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General Information

Some foot conditions can affect anyone. Here we outline some common foot conditions for you to understand a little more about them. On this page, we discuss:

  • Fungal infection
  • Plantar heel pain
  • Warts
  • Orthotics
  • Bunions

Fungal Toenail infections “Onychomycosis” Fungal toenail infections infect up to 8% of the general population. It is 30 times more likely in adults than children. Can be found in up to 90% of people over 70 years of age . They are more common in people with an immuno-suppression illness or therapy and is also found commonly in diabetics and other conditions that affect the body’s response to infections. Other risk factors are living in warm humid environment and a previously been injured a toe nail and having tinea of the feet. Nail infections can be caught by using nail files and nail clippers that have not been thoroughly sterilised. It is then passed onto other people by using this equipment It is also increasingly common now to see an infection from pedicures, both and overseas. It is important to remember that many countries do not have the same hygiene standards as we do in Australia. A luxury spa treatment whilst on holiday may prove to have long lasting problems, if you catch a fungal nail infection from the pedicure.

Fungal infections of the toenail are unsightly. The nail changes colour (white/yellow/ brown, spot and lines). The nail can thicken, become brittle and break away. People with fungal nail infections don’t like to expose their toes because of their appearance. They fear people will see the nail, judge the person for having an infection. People commonly cover up the toenails with enclosed shoes to hide them. In hot weather this can be uncomfortable, and promote the growth of the fungus with the hot humid environment. Fungal toenails can be painful, as the nail becomes uneven and it creates pressure on the nail bed. Sometimes the infection invades the skin of the toe, which will cause local inflammation and pain. Although covering the nail with polish may improve the appearance in the short term, it results in sealing the infection in. This can promote the growth of the fungus. It is difficult of care for your own fungal nails, due the thickness of the nail, the brittleness and the splitting. If a nail cannot be cut properly, an ingrown toe nail may result. Resolving a nail infection can improve a person’s confidence and sense of wellbeing. They can return to wearing open shoes and be free of discomfort and pain.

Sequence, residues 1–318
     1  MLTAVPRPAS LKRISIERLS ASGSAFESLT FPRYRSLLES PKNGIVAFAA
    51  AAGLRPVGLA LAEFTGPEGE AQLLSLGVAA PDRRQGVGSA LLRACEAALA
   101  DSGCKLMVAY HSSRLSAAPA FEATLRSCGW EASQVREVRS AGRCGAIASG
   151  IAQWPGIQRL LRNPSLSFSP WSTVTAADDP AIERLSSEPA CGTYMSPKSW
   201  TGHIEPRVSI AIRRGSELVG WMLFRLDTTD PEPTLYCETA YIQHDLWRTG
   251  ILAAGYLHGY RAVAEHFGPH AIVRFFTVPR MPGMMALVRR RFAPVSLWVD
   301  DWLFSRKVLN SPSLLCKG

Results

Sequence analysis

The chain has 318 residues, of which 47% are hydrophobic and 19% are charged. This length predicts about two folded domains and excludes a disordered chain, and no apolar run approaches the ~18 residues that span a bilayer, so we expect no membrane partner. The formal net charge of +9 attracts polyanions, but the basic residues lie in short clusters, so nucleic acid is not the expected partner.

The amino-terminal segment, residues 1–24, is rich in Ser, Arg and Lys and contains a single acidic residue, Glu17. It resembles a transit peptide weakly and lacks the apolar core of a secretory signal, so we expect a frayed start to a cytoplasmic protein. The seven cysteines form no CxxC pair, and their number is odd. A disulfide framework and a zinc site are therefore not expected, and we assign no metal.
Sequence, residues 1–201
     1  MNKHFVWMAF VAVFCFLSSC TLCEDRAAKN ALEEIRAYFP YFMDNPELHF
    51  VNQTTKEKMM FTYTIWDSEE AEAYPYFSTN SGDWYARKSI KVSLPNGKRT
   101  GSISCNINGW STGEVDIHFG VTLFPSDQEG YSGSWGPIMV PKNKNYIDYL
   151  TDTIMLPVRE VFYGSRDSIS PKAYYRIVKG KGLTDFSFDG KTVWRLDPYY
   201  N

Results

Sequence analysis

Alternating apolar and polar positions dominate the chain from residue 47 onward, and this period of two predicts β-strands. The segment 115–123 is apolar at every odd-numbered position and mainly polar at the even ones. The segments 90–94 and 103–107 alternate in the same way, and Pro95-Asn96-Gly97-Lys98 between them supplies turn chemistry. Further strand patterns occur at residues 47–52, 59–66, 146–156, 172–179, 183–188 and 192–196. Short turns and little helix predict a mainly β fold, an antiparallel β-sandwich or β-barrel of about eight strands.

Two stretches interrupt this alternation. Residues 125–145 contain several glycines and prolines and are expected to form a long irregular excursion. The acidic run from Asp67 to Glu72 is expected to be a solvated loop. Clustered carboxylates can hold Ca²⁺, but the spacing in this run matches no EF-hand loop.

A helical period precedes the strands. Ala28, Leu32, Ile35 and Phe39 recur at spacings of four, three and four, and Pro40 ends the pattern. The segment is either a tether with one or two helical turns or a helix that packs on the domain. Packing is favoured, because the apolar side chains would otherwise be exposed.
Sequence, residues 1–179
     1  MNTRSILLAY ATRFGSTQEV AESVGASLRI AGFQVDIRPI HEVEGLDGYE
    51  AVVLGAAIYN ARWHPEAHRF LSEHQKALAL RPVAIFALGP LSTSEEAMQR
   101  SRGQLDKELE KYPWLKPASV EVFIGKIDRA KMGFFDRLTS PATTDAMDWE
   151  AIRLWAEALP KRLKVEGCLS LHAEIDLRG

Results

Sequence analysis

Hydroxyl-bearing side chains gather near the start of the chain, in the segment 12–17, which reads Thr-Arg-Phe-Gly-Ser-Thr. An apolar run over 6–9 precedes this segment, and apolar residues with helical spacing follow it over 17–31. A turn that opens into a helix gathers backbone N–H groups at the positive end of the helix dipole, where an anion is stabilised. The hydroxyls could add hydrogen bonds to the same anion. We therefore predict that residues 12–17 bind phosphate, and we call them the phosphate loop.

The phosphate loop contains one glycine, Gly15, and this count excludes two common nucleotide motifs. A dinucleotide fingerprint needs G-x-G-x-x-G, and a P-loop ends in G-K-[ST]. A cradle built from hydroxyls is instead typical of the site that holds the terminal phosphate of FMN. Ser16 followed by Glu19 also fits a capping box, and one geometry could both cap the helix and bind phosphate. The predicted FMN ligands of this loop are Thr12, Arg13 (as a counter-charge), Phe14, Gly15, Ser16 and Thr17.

Fungal toenail infections can be caused by a number of different strains of fungus and yeasts. Medical conditions such as psoriasis, eczema, circulation problems and injury to the nail can look like a fungal infection. It is important to correctly identify that there is an infection in the nail prior to treatment. Podiatrists are experienced at examining nails and assessing if a nail infection is present. If necessary, scrapings can be sent to a laboratory for testing.